Leslie Doherty:  Exactly.

Lea Alcantara:  And that’s going to waste a lot of time and frustration in kind of setting that up when all you need is something pared down.

Leslie Doherty:  Exactly, and you think coming from a CS background early on when I adopted ExpressionEngine, I was just coming out of my Masters.  I was really into the computer science part of it, and WordPress was popular.  Movable Type was popular.

Lea Alcantara:  [Agrees]

Leslie Doherty:  And I remember just looking at some of the code of the plugins that was added that people were just tossing to their sites, I’m just cringing.

Lea Alcantara:  [Agrees]

Leslie Doherty:  And I think from that experience, I’ve always tried to keep add-ons to a very minimum because it’s a code that I don’t know. 

Lea Alcantara:  [Agrees]

Leslie Doherty:  There is obviously some well established add-on developers and I know that their code is solid, but then there is a lot of those add-ons that people can just throw in there that it’s not necessary.  You don’t know that code.  You don’t know what’s going on.  If there is a problem with that later, you’re not going to have an easy time troubleshooting it.  It just becomes very sticky to me to have.  It’s basically having too many chefs in the kitchen where there are just all these different types of codes that’s thrown in there, where I tend to keep most add-ons out and try to do it myself or using the tools that are there, or with very few reputable add-ons, I’ll use those.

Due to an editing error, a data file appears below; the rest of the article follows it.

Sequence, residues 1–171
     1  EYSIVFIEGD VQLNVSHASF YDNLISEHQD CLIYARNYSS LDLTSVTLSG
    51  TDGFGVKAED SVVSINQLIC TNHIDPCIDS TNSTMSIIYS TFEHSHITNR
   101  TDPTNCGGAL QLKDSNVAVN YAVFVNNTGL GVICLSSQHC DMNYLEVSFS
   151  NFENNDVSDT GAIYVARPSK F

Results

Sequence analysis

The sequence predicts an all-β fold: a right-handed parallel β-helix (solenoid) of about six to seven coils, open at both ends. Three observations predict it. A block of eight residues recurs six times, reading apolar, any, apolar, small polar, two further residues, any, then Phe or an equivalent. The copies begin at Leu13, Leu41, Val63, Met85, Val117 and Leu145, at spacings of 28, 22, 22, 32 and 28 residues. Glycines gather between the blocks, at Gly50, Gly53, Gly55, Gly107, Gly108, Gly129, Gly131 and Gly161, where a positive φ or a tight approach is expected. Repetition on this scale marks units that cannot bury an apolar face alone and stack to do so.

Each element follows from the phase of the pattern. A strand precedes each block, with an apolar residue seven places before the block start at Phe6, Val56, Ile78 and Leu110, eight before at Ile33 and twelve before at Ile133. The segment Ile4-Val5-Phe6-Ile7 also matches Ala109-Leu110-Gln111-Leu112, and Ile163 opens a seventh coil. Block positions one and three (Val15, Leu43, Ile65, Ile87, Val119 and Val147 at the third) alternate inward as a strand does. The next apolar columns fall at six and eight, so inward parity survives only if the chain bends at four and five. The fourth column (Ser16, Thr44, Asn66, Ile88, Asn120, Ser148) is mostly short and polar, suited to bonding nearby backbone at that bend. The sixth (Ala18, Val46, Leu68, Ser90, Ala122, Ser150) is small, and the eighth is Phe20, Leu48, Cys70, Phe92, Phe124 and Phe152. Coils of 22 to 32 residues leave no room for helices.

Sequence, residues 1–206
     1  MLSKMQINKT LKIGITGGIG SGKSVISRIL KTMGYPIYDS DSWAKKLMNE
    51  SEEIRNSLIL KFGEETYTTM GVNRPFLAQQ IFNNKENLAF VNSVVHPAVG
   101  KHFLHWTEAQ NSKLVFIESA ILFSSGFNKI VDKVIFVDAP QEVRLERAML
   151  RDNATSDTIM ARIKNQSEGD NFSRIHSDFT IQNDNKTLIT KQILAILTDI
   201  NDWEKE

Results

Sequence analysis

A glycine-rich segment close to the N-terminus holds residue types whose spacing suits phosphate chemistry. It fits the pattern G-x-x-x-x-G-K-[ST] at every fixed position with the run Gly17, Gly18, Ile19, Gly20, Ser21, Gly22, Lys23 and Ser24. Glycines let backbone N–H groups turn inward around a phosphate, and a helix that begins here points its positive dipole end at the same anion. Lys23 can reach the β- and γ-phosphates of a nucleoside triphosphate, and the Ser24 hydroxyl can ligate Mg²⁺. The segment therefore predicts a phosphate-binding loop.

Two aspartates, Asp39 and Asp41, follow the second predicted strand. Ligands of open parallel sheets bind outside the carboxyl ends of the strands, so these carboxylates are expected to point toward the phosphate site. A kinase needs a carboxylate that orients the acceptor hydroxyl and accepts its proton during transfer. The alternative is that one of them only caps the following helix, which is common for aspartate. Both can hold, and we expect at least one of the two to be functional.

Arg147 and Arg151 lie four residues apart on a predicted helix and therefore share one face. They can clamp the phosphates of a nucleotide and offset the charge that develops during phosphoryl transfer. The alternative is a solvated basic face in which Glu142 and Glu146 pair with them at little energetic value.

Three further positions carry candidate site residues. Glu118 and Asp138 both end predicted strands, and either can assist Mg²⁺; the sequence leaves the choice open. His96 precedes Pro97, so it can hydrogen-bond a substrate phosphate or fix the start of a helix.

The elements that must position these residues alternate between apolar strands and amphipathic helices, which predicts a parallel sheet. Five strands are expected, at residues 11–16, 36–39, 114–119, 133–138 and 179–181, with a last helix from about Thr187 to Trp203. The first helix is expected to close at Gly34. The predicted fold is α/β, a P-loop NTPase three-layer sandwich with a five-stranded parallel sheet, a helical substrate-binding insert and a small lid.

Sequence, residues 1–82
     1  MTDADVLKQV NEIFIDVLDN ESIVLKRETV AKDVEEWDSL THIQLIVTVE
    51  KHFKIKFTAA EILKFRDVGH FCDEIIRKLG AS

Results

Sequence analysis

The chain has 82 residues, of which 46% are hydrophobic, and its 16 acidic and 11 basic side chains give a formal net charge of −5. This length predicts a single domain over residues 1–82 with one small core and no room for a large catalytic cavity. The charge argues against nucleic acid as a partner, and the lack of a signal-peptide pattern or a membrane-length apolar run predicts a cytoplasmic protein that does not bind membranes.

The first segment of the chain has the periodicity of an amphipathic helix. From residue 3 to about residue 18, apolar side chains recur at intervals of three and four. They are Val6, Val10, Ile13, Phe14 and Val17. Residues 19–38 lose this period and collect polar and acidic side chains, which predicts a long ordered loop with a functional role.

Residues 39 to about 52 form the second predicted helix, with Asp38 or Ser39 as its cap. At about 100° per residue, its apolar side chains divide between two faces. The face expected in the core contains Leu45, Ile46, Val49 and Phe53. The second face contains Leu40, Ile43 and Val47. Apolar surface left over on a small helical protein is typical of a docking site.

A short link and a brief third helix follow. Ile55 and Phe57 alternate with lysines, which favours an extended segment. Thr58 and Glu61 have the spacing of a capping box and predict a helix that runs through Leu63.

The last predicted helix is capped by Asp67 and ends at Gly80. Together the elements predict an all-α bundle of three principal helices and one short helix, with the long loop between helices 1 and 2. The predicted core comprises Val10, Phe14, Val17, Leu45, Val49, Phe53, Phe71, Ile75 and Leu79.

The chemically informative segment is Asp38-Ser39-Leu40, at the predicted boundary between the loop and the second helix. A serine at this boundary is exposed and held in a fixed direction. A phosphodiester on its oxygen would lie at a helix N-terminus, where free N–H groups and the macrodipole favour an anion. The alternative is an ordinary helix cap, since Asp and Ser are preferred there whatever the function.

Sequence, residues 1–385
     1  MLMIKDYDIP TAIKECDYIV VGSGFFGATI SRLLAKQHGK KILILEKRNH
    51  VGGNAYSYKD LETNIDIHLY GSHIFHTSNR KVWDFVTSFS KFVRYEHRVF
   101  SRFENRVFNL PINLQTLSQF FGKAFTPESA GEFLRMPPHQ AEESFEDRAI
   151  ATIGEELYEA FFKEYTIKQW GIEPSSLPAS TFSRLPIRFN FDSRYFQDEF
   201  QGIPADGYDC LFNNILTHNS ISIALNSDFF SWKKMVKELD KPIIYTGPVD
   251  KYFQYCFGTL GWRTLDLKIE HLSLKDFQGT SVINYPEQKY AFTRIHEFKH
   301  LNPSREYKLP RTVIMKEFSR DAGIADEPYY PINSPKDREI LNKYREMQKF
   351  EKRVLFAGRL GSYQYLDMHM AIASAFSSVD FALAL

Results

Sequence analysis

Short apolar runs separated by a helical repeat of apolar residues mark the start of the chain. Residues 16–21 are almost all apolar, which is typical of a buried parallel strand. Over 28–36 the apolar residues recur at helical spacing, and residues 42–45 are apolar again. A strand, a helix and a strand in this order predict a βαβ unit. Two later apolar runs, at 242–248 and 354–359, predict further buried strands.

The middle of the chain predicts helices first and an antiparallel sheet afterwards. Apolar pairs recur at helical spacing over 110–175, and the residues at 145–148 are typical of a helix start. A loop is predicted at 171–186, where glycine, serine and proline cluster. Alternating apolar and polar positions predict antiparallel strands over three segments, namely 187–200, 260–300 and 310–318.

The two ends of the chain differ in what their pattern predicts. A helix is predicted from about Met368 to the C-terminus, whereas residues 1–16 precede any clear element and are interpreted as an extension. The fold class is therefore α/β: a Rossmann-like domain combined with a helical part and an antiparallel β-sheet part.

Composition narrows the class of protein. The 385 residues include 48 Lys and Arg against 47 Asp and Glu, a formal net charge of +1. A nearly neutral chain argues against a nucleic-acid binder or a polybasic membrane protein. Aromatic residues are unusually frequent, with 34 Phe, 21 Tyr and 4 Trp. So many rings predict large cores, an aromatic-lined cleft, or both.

Lea Alcantara:  Yeah, and I think people also forget that there is performance issues when you’re trying to use too many add-ons as well.

Leslie Doherty:  Absolutely.

Lea Alcantara:  Yeah, because they are hitting the database in certain ways.  They are storing data in a whole bunch of different ways anyway that’s unpredictable that you don’t necessarily know or can control because that’s how they’ve decided to store that data, and then when you try to load all those, let’s say, you are using so many third-party add-ons that store their data in so many different ways and then all of them need to load one page, that means there is a lot of hits to the database just to load perhaps possibly simple information.

Leslie Doherty:  Right, right.

Emily Lewis:  And then, of course, there is also the additional layer of complexity that add-ons introduce come upgrade time or update time.